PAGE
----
Neil H. Buchanan

Neil H. Buchanan

Neil H. Buchanan is an economist and legal scholar and a Professor of Law at The George Washington University. He teaches tax law and tax policy, and he has taught contract law, law and economics, and numerous economics courses. His research addresses the long-term tax and spending patterns of the federal government, focusing on budget deficits, the national debt, health care costs, and Social Security. He also is engaged in a long-term research project that asks how current policy choices should be shaped by concerns for the interests of future generations.

Professor Buchanan has held permanent or visiting positions at Rutgers-Newark School of Law, NYU School of Law, and Cornell Law School. Prior to attending law school, Professor Buchanan was an economics professor, specializing in macroeconomics, the history of economic thought, and economic methodology. He has held full-time faculty positions in economics at the University of Michigan, the University of Wisconsin-Milwaukee, Barnard College, Goucher College, and Wellesley College.

Professor Buchanan has published articles in the Columbia Law Review, the George Washington Law Review, NYU’s Tax Law Review, Cornell Law Review, Virginia Tax Review, and the Cornell Journal of Law & Public Policy, as well as other law reviews and refereed social science periodicals. He has also testified before Congress about issues related to tax reform. He publishes twice weekly on the legal blog “Dorf on Law,” and he is a featured columnist on Newsweek's Opinion page.

Columns by Neil H. Buchanan

Things Republicans Say They Believe That They Do Not Really Believe

George Washington law professor and economist Neil H. Buchanan discusses recurring instances of dishonesty within America’s political parties, specifically among Republican politicians. Buchanan highlights several examples of Republican dishonesty and hypocrisy, and illustrates how Republicans’ claims are easy to dissect now that they are in control of a large portion of government.

Who Is To Blame? Understanding Trump’s Rise In Order to Guarantee His Fall

George Washington law professor and economist Neil H. Buchanan argues that two groups are primarily responsible for electing Donald Trump: Republican officeholders who knew better and non-voters (especially younger voters) who ignored their responsibility to the future. Buchanan calls upon all voters to fight now harder than ever to restore and protect our constitutional democracy.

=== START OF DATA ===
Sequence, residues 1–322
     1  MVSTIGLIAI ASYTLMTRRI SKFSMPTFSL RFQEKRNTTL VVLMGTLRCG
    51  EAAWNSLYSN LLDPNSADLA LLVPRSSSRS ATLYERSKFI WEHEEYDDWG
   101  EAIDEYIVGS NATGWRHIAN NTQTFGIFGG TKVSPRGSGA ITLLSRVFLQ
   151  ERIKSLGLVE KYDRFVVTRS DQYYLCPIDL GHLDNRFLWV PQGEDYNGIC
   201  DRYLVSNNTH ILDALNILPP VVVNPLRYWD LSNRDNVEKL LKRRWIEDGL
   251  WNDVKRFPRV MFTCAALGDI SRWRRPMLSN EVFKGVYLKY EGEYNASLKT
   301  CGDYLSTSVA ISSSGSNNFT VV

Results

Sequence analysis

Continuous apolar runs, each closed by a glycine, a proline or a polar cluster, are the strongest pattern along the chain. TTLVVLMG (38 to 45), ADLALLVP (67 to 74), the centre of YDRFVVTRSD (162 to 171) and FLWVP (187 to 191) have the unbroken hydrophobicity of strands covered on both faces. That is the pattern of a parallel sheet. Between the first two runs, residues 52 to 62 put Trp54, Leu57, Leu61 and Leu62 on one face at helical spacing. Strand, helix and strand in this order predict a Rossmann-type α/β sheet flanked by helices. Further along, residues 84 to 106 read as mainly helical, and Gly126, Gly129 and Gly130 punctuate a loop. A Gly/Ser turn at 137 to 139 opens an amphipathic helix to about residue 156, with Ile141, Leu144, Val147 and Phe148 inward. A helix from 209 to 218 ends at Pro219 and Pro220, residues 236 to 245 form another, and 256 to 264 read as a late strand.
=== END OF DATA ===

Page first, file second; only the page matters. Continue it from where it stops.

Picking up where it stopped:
Another Excuse for Possible Constitutional Overreach by Trump

George Washington law professor and economist Neil H. Buchanan explores how President-elect Donald Trump could seize upon, or even create, a debt ceiling crisis as a way to enhance his executive powers. Buchanan explains that Trump could put himself into a “trilemma” on purpose, giving himself no choice but to pick and choose which of the government’s debts he would pay and which he would not.

Trump Should Work With Democrats on an Infrastructure Plan

George Washington law professor and economist Neil H. Buchanan explains why President-elect Donald Trump should work with Democrats to achieve the infrastructure plan he described during his campaign. As Buchanan argues, Trump can benefit politically from an infrastructure spending bill in ways that he would not if he were to focus instead on regressive tax cuts or changing international trade policy.

The WikiLeaks Nothingburger

George Washington law professor and economist Neil H. Buchanan describes how news outlets are stretching to try to make news out of the contents of the Clinton campaign emails released by WikiLeaks. Buchanan argues that the emails reveal nothing remarkable or problematic about the Clinton campaign’s inner workings and in fact support her claim of fitness for presidency.